Total insanity

Crazy Spirit earn their name and then some

I have been a big fan of New York hardcore band Crazy Spirit since my White Lung bandmate Anne-Marie Vassiliou showed me their self-titled EP in 2009. The 10-minute six-song EP was driving rough and catchy: everything I want a punk record to be. Frontman Walker Behl’s vocals were creepy in this demonic finger-nails-in-your-skin way that when blasting from my stereo made me want to move faster faster. That’s what hardcore should do. It should make you want chaos. At the same time Crazy Spirit have this boyish innocent charm. It’s like watching a shitty toddler throw sand at other kids in the sandbox: hilarious yet destructive.

I met Behl at his show at Beerland in Austin Texas during Chaos in Tejas 2010. He was friendly dirty and kept a smile glued on his face. When I bumped into him the next day at the D-Clone show we sat on the sidewalk in the annoying heat talking Japanese hardcore and watching the parade of studded leather drunkenly run through the streets.

Live Crazy Spirit are the perfect hardcore band. They play fast and carelessly ensuring aggressive violence with every song. No one stands still. You just can’t. Dressed like a Mafia intern on welfare Behl sticks out like a broken thumb.

“Our first couple shows I’d throw the mic stand and swing around chains and shit but it felt a little forced to me” Behl says from his home in New York. “I’m really not a very violent person and Crazy Spirit has always been a release for me but not really a violent one. Our shows can get violent and I really don’t care about that except when it’s like 15 people on one. Sometimes I feel like I have to intervene but I’m usually too distracted or apathetic. I really enjoy the chaos more than the violence.”

Crazy Spirit made a name for themselves in the New York hardcore circuit and eventually beyond. They went on a few tours travelled overseas and finally after a string of EPs on Toxic State Records put out their debut full-length LP in 2012.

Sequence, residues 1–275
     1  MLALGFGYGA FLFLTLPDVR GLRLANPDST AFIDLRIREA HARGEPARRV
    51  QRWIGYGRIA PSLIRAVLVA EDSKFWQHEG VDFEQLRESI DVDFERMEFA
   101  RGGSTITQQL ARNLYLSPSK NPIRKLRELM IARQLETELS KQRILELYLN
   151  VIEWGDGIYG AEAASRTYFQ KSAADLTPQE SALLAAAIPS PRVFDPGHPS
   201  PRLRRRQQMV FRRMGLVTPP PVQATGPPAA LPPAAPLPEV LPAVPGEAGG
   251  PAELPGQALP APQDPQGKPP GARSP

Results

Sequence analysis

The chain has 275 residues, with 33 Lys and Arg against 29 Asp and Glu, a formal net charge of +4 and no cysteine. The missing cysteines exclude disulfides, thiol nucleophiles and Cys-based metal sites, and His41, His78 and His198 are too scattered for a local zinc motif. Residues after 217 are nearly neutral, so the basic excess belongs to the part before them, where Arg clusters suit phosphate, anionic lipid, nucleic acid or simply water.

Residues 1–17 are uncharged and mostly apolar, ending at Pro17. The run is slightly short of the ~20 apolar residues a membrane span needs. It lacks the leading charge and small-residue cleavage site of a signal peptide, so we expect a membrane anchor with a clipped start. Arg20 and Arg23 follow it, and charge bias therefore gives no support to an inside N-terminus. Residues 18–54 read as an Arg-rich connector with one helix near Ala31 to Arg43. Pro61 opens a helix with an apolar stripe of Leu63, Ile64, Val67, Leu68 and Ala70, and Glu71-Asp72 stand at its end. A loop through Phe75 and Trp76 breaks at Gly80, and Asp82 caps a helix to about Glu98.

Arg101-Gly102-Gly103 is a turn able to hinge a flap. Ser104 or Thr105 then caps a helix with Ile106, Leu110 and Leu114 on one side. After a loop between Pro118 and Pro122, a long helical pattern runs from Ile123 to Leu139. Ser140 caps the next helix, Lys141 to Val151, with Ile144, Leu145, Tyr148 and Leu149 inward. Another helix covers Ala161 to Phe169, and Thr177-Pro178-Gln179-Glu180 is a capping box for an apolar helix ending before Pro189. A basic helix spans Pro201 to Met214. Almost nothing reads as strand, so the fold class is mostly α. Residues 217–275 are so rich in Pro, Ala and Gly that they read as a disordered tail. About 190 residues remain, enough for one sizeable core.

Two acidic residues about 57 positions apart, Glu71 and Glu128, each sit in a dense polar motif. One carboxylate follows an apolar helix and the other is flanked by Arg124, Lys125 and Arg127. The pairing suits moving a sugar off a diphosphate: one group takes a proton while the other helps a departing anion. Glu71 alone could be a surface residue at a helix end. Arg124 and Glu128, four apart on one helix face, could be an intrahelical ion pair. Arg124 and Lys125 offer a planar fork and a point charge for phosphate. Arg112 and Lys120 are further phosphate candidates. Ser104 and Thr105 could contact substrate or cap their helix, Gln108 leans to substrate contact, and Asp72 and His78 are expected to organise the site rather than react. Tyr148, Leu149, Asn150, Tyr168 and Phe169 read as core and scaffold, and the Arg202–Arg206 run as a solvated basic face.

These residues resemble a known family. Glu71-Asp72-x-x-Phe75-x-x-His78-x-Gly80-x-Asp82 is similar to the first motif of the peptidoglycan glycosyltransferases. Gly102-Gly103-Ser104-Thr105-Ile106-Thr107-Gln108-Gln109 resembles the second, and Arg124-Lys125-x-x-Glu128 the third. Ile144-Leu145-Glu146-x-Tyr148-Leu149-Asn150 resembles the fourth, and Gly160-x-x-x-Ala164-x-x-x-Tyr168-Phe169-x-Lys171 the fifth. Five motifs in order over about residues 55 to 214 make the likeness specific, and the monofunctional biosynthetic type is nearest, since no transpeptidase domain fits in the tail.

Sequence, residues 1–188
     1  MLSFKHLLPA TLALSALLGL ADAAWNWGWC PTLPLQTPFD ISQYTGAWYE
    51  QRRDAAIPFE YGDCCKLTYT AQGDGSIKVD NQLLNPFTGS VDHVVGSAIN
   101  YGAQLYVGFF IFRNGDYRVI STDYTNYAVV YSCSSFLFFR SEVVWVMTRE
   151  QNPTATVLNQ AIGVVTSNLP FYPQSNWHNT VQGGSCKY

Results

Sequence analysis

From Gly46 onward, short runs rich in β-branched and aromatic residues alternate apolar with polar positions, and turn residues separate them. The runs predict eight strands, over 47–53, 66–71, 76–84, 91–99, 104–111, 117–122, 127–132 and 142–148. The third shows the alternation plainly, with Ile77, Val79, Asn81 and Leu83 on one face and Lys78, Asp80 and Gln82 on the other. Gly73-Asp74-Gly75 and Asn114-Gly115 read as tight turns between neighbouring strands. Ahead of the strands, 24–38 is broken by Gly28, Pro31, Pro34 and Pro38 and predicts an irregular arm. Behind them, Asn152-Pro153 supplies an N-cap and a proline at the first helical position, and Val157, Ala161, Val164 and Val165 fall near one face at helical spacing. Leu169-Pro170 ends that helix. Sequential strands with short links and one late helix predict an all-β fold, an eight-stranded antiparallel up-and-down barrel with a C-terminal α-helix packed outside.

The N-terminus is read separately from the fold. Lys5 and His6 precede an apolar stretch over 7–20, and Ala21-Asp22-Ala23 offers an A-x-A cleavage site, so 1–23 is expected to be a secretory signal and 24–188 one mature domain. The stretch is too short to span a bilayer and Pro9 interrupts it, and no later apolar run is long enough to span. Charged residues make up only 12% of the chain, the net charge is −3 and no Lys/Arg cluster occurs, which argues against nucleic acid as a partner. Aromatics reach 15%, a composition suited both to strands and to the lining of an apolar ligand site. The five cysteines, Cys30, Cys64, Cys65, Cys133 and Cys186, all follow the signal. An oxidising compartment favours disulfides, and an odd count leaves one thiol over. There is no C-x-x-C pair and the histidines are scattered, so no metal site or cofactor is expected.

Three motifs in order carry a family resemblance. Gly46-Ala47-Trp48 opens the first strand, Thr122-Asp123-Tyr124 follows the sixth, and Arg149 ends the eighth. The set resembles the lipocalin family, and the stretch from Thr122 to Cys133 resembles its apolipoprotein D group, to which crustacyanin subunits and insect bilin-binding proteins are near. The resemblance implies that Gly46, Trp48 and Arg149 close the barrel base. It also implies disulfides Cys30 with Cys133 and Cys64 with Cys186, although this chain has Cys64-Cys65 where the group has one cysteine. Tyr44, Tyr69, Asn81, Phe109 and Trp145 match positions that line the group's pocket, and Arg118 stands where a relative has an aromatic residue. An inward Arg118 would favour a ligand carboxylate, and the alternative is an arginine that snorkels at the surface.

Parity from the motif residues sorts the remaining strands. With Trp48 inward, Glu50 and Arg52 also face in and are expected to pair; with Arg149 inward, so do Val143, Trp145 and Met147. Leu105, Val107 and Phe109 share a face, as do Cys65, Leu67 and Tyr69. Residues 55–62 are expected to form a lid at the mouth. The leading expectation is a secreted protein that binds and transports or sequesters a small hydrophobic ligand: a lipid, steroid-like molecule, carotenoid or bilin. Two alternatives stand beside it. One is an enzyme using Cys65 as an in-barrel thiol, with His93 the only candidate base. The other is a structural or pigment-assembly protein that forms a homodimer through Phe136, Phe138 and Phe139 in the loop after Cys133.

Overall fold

“We wanted to make a rock opera of sorts” explains Behl. “A big theme in most of our releases has always been weird little fucked-up children. The batboy on the demo cover is kind of a spirit guide or some bullshit like that. Usually when we wrote lyrics in the past we wouldn’t really like having a set meaning to them but there are always undertones of creatures growing up or armies of children roaming the streets.”

Like many of their earlier releases the LP was a sonic blister full of scraps and chaos but with an undertone of real musicianship — punk hooks. “I Become A Man” the album’s last track (and my favourite) distills the record’s theme “about the glorious development of the batboy from a child to a man from a gross little shit to a golden god.”

Although Behl admits they have been “taking it slow for a while” Crazy Spirit just released another tape and hope to do another later in the year. In short they don’t really care about being a real band “getting big” or any of that stupidity. They just want to play when they want to play. That said Behl is aware that his band has received its fair share of online hype.

“I don’t think being on [major music media outlets] makes you lose your integrity” says Behl. “Why not get publicity? It happens either way why not embrace it and actually get paid for shit? All I want to do is to get flown around the world and play music. I don’t care if it makes me rich I just love travelling and of course I would prefer if it made me rich.” He pauses. “At the same time I never read those websites ever and don’t actually know what I’m talking about.”

Like a toddler throwing sand.